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Opinion One more Russian contact: Here’s why it matters

Trump's supporters say 'collusion' can't be prosecuted. They're wrong. (Video: Joy Yi, Kate Woodsome, Danielle Kunitz, Breanna Muir/The Washington Post)

The Post reports, “Paul Manafort shared 2016 presidential campaign polling data with Konstantin Kilimnik, an associate the FBI has said has ties to Russian intelligence, according to a court filing.” We learned about the confab between Donald Trump’s then-campaign chief Manafort and a Russian intelligence-connected oligarch because Manafort’s attorney apparently does not know how to black out a document. (“The information is in a filing that appears to inadvertently include details not intended to be made public and indicates a pathway by which the Russians could have had access to Trump campaign data.”)

Even more intriguing, the filing by Manafort’s attorneys indicates that Manafort and Kilimnik discussed a Ukrainian peace plan, the first explicit reference to a discussion of Ukraine policy between the Trump campaign and a Russian-linked figure in the special counsel investigation:

You will recall that while Manafort was in charge of the Trump campaign in summer 2016 the Republican National Committee platform was changed to remove support for weapons for Ukraine, a dramatic about-face for Republicans and a position that would please Russia and its Ukrainian puppets.

The revelation is noteworthy on many levels, beyond further evidence of the abject incompetence of the lawyers serving the Trump circle.

“Manafort ‘conceded’ that he discussed or may have discussed a Ukraine peace plan with Mr. Kilimnik on more than one occasion,” his attorneys quote the special counsel as saying, and “’acknowledged’ that he and Mr. Kilimnik met while they were both in Madrid,” without giving a date.

This is not the first piece of evidence of collusion between the Trump camp and Russian figures, to be sure. The Trump Tower meeting in June 2016 between Manafort, Jared Kushner and Donald Trump Jr., and Russians promising “dirt” on Hillary Clinton has been known for some time. But here we see Manafort giving something of value (insider polling data) to a Russian. What is not clear is how much Donald Trump knew.

Before he joined the Trump campaign, Paul Manafort made a name for himself in the D.C. lobbying world, but his past caught up with him. (Video: Dalton Bennett, Jon Gerberg, Jesse Mesner-Hage/The Washington Post)

As my colleague Philip Bump put it, “It’s worth asking why Manafort might have passed polling to Kilimnik. If he wanted Kilimnik to share that information with Russia to influence the campaign, it’s hard to see that as anything less than an effort to collude with Russia.” What we cannot say at this stage is how valuable the polling data was and what if anything Kilimnik and/or Russian intelligence did with it.

“The most innocent possible explanation here is that Trump hired an international criminal who was trying to give campaign information to a Russian oligarch in exchange for debt relief, and using a Russian intelligence asset as his go between,” says former Department of Justice spokesman Matthew Miller. “But it’s hard to see what good polling data would be to a Russian oligarch, so it raises the question of whether Manafort’s actual goal was to get the information to the Russian government itself.” Whether this was all about Manafort and his finances or whether this was part of a larger quid quo pro between Trump and the Russians isn’t yet clear.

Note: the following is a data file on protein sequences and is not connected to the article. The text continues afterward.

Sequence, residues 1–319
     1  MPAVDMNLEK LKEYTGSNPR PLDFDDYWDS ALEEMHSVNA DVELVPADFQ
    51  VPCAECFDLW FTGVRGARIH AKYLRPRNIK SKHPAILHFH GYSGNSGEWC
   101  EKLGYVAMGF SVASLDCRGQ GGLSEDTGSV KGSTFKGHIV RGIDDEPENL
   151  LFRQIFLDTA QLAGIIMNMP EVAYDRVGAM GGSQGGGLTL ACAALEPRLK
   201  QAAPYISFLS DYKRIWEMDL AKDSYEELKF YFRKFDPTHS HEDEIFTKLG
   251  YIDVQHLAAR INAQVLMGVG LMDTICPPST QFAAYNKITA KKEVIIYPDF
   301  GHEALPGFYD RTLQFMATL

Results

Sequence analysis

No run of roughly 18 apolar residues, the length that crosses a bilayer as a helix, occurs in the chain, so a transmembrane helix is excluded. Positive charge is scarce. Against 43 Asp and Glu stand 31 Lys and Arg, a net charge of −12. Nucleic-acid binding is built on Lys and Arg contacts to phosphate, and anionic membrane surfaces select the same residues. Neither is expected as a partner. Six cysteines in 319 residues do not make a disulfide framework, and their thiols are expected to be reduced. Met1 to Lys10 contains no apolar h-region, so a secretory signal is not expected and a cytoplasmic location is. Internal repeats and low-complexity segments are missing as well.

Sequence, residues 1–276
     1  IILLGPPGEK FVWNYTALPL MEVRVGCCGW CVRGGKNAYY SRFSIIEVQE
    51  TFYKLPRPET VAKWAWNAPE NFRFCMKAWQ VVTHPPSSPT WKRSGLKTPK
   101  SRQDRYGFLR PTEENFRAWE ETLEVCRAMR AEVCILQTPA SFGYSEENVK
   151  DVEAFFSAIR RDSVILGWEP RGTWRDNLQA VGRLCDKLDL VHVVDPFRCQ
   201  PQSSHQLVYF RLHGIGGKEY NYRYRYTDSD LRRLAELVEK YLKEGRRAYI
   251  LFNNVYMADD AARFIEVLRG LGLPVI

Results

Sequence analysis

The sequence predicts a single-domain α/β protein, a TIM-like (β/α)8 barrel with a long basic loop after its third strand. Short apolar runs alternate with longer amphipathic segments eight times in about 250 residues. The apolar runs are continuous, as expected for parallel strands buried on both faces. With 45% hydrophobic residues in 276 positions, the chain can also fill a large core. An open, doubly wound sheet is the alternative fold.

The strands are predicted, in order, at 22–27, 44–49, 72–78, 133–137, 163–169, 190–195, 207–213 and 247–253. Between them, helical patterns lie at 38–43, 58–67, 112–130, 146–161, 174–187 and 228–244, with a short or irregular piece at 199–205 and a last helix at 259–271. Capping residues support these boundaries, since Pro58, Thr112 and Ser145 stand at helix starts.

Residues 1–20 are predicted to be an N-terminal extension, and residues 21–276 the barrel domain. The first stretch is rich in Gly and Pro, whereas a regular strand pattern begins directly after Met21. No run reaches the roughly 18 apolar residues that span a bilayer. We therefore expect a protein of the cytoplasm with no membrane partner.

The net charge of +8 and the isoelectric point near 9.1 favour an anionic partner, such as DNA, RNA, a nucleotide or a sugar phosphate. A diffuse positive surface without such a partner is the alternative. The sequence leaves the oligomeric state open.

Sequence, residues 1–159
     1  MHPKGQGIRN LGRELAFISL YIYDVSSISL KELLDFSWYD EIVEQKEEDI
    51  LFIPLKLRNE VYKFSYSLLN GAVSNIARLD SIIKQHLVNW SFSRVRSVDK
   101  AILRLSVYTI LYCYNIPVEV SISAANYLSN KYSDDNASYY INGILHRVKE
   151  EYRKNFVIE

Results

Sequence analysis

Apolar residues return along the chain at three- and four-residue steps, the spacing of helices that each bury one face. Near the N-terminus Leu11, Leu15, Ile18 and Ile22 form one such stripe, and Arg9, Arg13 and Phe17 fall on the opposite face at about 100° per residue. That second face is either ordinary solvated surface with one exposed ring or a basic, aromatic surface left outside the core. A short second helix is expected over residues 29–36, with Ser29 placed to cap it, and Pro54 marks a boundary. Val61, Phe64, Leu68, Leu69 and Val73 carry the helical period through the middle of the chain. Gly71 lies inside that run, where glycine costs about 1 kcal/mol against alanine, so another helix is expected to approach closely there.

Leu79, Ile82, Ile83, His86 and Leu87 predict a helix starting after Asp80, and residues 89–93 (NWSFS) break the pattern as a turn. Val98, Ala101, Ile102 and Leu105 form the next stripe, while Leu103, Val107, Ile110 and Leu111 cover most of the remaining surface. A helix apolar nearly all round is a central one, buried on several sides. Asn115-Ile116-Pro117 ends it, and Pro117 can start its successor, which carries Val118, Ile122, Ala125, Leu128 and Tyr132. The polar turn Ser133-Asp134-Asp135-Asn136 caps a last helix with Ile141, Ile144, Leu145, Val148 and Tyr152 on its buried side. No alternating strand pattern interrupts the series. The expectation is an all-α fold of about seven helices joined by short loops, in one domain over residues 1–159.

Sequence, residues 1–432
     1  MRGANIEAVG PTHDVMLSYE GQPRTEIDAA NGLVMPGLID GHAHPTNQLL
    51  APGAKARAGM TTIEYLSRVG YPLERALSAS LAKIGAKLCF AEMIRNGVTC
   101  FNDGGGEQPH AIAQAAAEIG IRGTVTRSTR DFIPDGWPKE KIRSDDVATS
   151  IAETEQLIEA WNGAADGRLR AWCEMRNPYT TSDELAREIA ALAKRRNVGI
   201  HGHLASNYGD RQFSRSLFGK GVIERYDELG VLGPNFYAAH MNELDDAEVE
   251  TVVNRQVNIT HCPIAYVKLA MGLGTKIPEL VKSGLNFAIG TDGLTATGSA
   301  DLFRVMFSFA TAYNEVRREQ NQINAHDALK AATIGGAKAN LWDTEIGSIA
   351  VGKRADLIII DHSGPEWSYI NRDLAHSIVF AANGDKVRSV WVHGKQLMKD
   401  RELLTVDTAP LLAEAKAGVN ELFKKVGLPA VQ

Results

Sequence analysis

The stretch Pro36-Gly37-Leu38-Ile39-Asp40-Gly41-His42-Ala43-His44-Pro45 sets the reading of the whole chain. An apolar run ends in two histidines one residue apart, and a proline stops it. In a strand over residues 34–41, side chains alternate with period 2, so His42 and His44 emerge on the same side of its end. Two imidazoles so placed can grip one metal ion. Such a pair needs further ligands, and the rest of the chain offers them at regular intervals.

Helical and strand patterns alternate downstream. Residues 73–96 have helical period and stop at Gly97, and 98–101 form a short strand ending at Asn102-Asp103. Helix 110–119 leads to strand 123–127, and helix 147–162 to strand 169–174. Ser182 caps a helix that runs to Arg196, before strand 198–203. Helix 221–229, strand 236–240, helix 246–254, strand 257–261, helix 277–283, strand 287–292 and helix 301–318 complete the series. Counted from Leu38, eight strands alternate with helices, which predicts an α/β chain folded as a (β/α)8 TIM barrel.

“There are important issues of proof, particularly involving intent and of course, you can’t assume Manafort briefed others on his activities in the absence of proof,” cautions former federal prosecutor Joyce White Vance. “But, the fact that Mueller believed lies about these matters were so material that they constituted breach of his plea agreement, makes it logical to expect that this is leading into proof of cooperation between at least the campaign manager and the Russian government.”

It is also noteworthy that we have, at the very least, yet another previously undisclosed contact between the Trump campaign and Russians. We’ve come a long way since Trump claimed neither he nor anyone on the campaign had contacts with Russians. Before the latest revelation, the Moscow Project had discovered “97 contacts between Trump’s team and Russia linked operatives, including at least 28 meetings. And we know that at least 28 high-ranking campaign officials and Trump advisers were aware of contacts with Russia-linked operatives during the campaign and transition.” Furthermore, “None of these contacts were ever reported to the proper authorities. Instead, the Trump team tried to cover up every single one of them.”

It’s hard to describe how bizarre this many contacts between a campaign and a hostile foreign government — one trying to influence the campaign to that side’s favor — truly is. Keep in mind that no major party presidential campaign of which we are aware ever had a single contact with the Russians.

Finally, the latest discovery should remind us that we know a fraction of what special counsel Robert S. Mueller III knows. Claims that there is no evidence of collusion or that the investigation is wrapping up are based on nothing but speculation or, in many cases, wishful thinking. The only thing we can say definitively is that there is plenty we don’t yet know.

Read more:

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Video: Here’s what you need to know about Mueller’s grand juries

Randall D. Eliason: The hush-money payments are a sideshow. Mueller just added key pieces to the Russia puzzle.

The Post’s View: William Barr believes in Justice Department independence. He might have to fight for it.